When it comes to the guitar leads I kinda look at them … every time you play them it’s a little different, it’s got its own character. That’s part of the sound of The Nuclears – I play most of the leads, and my brother Brian throws in some. He does the guitar harmonies on top of mine, too, so it’s a thing we definitely lean into.


You read any articles people share on social media about “the guitar solo is dying. Everyone is into THIS. Minimal THIS,” and we’re just like, it’s a part of our sound, it’s always going to be a part of our sound, and we don’t want to just be aimlessly doodling and shredding, we want it to be an integral melodic thing, and harmonic thing, so that’s a tradition we will forever keep going.

It needs to happen, especially in this city.

Yeah, for sure, and we give a shit about being good guitar players. Whether we are {laughs} … that’s for other people to debate.



Lenny Kravitz

Speaking of guitar players, we have Lenny Kravitz. Open shirt Lenny Kravitz.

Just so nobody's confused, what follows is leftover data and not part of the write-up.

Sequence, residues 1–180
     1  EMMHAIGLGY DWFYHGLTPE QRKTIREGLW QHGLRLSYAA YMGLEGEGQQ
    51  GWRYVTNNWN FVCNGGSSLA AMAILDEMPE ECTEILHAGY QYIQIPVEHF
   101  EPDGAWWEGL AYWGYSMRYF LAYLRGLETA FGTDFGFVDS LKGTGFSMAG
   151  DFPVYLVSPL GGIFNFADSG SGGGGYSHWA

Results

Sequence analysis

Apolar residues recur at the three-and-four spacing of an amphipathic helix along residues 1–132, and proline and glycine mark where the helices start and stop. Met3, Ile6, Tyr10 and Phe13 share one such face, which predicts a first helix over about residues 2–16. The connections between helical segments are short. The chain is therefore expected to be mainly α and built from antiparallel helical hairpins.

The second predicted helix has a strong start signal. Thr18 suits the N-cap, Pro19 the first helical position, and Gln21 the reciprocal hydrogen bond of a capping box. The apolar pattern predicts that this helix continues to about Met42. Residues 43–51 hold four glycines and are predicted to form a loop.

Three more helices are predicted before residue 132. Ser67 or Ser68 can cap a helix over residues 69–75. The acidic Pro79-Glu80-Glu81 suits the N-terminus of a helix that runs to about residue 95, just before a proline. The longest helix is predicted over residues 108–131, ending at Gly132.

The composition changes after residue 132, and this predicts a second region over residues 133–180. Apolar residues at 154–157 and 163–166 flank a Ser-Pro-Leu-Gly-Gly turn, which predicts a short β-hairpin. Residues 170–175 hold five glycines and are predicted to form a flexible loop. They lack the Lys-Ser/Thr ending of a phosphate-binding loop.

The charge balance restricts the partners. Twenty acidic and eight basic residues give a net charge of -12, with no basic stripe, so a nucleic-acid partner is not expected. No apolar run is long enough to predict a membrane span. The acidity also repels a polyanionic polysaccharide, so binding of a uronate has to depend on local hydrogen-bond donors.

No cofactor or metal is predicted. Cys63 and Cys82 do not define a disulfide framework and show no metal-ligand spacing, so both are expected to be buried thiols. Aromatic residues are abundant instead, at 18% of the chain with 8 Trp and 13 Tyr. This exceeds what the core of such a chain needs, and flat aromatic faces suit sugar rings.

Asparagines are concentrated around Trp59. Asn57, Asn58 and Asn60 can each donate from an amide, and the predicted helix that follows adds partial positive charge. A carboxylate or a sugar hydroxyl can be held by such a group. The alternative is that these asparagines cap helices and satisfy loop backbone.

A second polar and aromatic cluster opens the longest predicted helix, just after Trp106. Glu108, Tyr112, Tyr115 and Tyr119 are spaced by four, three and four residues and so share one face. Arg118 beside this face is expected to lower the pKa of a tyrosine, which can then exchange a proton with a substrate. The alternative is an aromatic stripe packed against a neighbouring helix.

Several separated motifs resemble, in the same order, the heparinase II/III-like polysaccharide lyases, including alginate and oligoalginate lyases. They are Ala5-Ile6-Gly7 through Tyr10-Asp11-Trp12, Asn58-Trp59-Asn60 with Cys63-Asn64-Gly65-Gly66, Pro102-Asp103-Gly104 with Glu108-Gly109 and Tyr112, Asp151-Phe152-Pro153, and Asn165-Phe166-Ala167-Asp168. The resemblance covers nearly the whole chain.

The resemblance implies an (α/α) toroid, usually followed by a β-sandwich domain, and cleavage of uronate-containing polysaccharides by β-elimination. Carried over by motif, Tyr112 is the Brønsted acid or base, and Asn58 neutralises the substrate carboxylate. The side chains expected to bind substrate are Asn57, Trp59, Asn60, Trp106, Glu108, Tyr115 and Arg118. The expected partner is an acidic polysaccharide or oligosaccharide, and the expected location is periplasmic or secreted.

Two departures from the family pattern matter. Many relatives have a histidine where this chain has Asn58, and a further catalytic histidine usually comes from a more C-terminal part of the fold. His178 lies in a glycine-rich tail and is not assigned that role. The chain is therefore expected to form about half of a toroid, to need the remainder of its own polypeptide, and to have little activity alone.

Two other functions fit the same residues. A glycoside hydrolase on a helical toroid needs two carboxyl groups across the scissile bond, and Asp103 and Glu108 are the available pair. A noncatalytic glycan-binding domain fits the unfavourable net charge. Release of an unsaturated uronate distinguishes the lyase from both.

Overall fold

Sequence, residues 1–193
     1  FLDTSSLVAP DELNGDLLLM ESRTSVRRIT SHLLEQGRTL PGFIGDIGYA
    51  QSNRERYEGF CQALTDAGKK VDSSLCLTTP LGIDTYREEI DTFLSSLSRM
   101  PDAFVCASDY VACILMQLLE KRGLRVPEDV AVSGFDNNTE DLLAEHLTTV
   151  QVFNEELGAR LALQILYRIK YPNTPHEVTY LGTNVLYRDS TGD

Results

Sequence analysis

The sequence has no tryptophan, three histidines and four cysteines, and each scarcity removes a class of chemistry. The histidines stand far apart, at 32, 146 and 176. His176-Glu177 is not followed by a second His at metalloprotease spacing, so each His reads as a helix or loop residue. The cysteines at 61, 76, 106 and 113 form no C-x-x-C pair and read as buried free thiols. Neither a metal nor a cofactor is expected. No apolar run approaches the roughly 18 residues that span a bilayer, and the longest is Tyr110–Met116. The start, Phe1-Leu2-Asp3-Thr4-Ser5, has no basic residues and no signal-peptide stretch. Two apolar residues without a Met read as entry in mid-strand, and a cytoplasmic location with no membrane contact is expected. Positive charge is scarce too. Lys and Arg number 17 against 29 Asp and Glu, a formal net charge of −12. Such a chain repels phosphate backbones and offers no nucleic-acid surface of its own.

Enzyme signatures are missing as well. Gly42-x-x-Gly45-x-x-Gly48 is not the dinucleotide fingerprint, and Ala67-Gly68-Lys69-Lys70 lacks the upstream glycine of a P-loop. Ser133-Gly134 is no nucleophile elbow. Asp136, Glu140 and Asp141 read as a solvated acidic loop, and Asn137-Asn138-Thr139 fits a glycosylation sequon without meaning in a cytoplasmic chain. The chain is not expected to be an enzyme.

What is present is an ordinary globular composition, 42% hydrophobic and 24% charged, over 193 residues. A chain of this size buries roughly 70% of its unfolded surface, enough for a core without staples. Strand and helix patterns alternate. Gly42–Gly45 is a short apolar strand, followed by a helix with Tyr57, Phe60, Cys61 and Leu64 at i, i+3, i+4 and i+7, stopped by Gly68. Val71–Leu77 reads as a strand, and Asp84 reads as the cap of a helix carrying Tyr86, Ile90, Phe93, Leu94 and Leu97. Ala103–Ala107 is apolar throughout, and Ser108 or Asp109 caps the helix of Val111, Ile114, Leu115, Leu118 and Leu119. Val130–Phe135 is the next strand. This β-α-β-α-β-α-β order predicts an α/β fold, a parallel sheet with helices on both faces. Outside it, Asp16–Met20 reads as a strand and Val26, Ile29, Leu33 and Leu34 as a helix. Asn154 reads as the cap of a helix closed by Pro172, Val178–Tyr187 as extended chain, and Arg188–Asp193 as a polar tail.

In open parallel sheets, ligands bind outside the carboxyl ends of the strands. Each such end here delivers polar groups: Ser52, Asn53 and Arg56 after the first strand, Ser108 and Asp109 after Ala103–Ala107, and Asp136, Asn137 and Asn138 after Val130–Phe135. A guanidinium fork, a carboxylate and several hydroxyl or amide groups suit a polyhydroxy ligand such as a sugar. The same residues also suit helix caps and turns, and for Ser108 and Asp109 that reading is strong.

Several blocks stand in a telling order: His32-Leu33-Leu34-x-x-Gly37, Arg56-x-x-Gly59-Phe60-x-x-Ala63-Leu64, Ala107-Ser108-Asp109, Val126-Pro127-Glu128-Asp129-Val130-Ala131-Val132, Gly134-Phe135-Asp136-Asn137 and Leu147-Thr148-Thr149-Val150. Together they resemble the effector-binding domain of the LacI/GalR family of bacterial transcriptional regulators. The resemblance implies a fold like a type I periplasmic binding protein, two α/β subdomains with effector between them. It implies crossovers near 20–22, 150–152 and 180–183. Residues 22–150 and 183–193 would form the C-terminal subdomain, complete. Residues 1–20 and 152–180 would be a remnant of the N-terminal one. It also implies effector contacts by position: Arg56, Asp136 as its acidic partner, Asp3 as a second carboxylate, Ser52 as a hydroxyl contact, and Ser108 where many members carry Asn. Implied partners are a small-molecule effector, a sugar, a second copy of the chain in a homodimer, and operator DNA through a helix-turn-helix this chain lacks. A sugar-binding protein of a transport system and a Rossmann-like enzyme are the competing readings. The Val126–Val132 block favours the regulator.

Open shirt, nose ring, the floral one-button situation going on, the skinny leather jacket.

He’s a guy, I just … I’m ignorant on him, and I’m admitting ignorance on him. What I know, what gets radio play, are three songs – “Are You Gonna Go My Way,” which is awesome, and had a great lead, which I don’t know if he does, or if it’s the other guitar player. It’s a great original song. He does his version of “American Woman,” which for me is a butchering. I think it’s awful.

You just went from “this is awesome” to “this is awful.”

It’s a mixed bag.

And then he has another single that was on radio that was forgettable because I’m forgetting it right now.

Are you thinking of “Again,” where in the video he’s talking with the diner waitress? It’s more of a ballad.

Yeah. It was like we got the rocker, now we need the ballad.

Here’s the thing, now, because of this card, I’m gonna have to go and dive into his career, because I know the man can play guitar, I just know what I was exposed to, and I don’t really quite get it. It’s never quite connected with me.

I’m the rare person who thinks it’s OK to buy Greatest Hits albums, and he has one that’s pretty good.

Some people, that’s where their good shit’s at.

Certain artists, you don’t need all the album cuts unless you’re a diehard.

Exactly, some of them it’s just like their deep catalog is just skippable.

Yeah, I like their best 18 songs, or 17 songs and one new single, because that’s how Greatest Hits albums worked.